Can CPAP help with COPD?

Can CPAP help with COPD?

Read time: 4 minutes
What’s inside?
  • Quick recap on OSA and COPD?
  • Where’s the crossover?
  • So, what has CPAP ever done for us?

Do not think of a red balloon.
What are you thinking of?
… a red balloon, right?
Hold that thought, we’ll come back to it soon…

  • Quick recap on Obstructive Sleep Apnoea (OSA) and Chronic Obstructive Pulmonary Disease (COPD)
Before we dive into any links, it should prove useful to understand what both OSA and COPD are…
OSA, or Obstructive Sleep Apnea/Apnoea, is a condition where muscles in the airway relax during sleep and block that same airway. This causes the owner of that airway to stop breathing for a bit while the body realises it isn’t getting enough air and auto-survival mode kicks-in to jump-start the breathing again.
COPD, Sunday name Chronic Obstructive Pulmonary Disease, is an inflammatory lung disease causing the lungs to work less efficiently. COPD sufferers typically experience difficulty breathing, coughing, mucus (sputum/glut) production and overall wheezing/trying to catch a breath.

  • Where’s the cross over?
While many COPD patients also have sleep apnea/apnoea, this isn’t our main focus today.
Today we’re interested in whether CPAP (Continuous Positive Airway Pressure) therapy, which helps keep sleep apnea/apnoea patients breathing, can also help COPD patients.

  • So, what has CPAP ever done for us?
Well, for a starter, it keeps airways open – which is kinda important – but for COPD patients there are a few extra benefits…
1. Improvement in Respiratory Patterns: CPAP therapy has been shown to improve respiratory patterns in COPD patients by regulating breathing and improving the brain to body muscle memory, which kinda means reminding the lungs what good breathing looks like.
This alone helps COPD patients by reducing the effort (and for some it is a mighty effort) to breathe effectively.
2. Reduction of Blood Pressure in the Lungs: Remember that red balloon with the blue ribbon? Good… get a good picture of that balloon in your mind now.
Sleep apnoea is known to contribute to elevated blood pressure within the arteries of the lungs (pulmonary hypertension), which can make the patient’s COPD worse.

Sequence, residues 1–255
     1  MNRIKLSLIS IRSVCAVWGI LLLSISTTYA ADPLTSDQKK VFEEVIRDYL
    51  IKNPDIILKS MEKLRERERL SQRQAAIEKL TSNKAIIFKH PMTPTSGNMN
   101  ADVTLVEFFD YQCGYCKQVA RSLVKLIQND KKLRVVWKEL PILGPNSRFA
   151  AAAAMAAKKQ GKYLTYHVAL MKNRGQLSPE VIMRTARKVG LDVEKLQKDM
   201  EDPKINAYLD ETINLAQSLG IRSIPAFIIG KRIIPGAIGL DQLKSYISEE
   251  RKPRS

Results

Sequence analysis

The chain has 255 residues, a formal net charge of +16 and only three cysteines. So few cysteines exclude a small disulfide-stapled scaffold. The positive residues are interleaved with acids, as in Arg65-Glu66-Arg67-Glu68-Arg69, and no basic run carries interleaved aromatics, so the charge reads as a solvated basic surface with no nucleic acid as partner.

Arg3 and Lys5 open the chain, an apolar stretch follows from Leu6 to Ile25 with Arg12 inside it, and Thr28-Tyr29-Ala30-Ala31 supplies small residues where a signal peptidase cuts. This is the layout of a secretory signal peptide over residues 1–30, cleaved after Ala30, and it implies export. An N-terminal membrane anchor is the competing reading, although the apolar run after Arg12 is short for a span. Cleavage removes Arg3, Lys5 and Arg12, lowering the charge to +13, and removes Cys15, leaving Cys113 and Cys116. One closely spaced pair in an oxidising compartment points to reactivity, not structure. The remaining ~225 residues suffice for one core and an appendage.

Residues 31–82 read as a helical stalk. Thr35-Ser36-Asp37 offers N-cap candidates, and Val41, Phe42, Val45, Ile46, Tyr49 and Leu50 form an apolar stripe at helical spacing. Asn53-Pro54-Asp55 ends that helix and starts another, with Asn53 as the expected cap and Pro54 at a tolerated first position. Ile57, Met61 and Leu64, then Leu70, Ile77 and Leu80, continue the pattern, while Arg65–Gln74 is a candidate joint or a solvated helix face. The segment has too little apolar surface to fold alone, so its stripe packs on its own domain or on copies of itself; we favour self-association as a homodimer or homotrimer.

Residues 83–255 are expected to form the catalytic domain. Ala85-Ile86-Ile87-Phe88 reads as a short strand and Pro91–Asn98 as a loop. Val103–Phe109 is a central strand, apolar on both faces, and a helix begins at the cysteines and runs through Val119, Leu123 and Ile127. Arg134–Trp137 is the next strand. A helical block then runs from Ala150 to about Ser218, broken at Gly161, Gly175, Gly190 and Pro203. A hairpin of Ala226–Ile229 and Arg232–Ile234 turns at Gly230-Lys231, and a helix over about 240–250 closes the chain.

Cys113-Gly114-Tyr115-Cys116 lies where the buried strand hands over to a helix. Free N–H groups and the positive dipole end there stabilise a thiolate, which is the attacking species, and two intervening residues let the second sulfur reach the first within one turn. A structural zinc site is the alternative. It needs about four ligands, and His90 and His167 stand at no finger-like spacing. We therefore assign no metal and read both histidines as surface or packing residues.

If you imagine that red balloon to be one of your lungs, every time you breathe-in the balloon fills with air. This air brings fresh oxygen from outside into the lungs where it is absorbed through the lungs (or balloon) to be sent to your bloodstream keeping all your internal bits alive and, hopefully, working.
The actual expandable red balloon is your lung, absorbing that life-giving oxygen and spreading it like a ‘poor oot’ at an old-fashioned Scottish wedding.
What CPAP does is help reduce the overall risk by ensuring more oxygen gets through to the patient’s bloodstream which, in turn, helps reduce blood pressure.
3. Live Longer if You Have Both: Studies outlined here have indicated patients suffering from both COPD and Obstructive Sleep Apnea have a greater chance of living longer if they use CPAP therapy. Quite a bonus when you consider the serious health risks linked to each of these conditions.
4. Enhanced Sleep Quality and Reduced Daytime Sleepiness: By preventing apnea events and improving oxygen flow, CPAP therapy can significantly enhance sleep quality for individuals with COPD. Better sleep contributes to improved overall health, reduced daytime sleepiness, and better cognitive function.
5. Potential Reduction in COPD Exacerbations: While evidence is still emerging, there is a potential for CPAP therapy to reduce the frequency and severity of the COPD experience too. This is due to the overall improvement in respiratory function and reduction in strain on the lungs.
This study provides a bit more detail on one specific study where patients had both COPD & Obstructive Sleep Apnea and where they had a history of smoking too.

So, there’s pretty convincing evidence CPAP therapy can provide a range of benefits to those with existing COPD.

Yes, there are downsides to CPAP therapy, but when you seem to have been hit with a medical double-whammy it is surely better to have access to a therapy that can improve your overall health experience.

Many of the studies mentioned here concentrate on patients with both Chronic Obstructive Pulmonary Disease and Obstructive Sleep Apnea. However, more studies have gone on to indicate CPAP therapy could also benefit those solely suffering from COPD… no sleep apnea involved.

If you have COPD and are already on CPAP therapy there’s a train of thought that may consider you lucky. You probably don’t feel lucky, but simply having that extra flow of oxygen into your lungs may be extending your life in immeasurable ways.
If you have COPD and are not on CPAP therapy… perhaps because you don’t have sleep apnea… it may still be worth discussing your options with your medical practitioner.

That extra help may be just around the corner.

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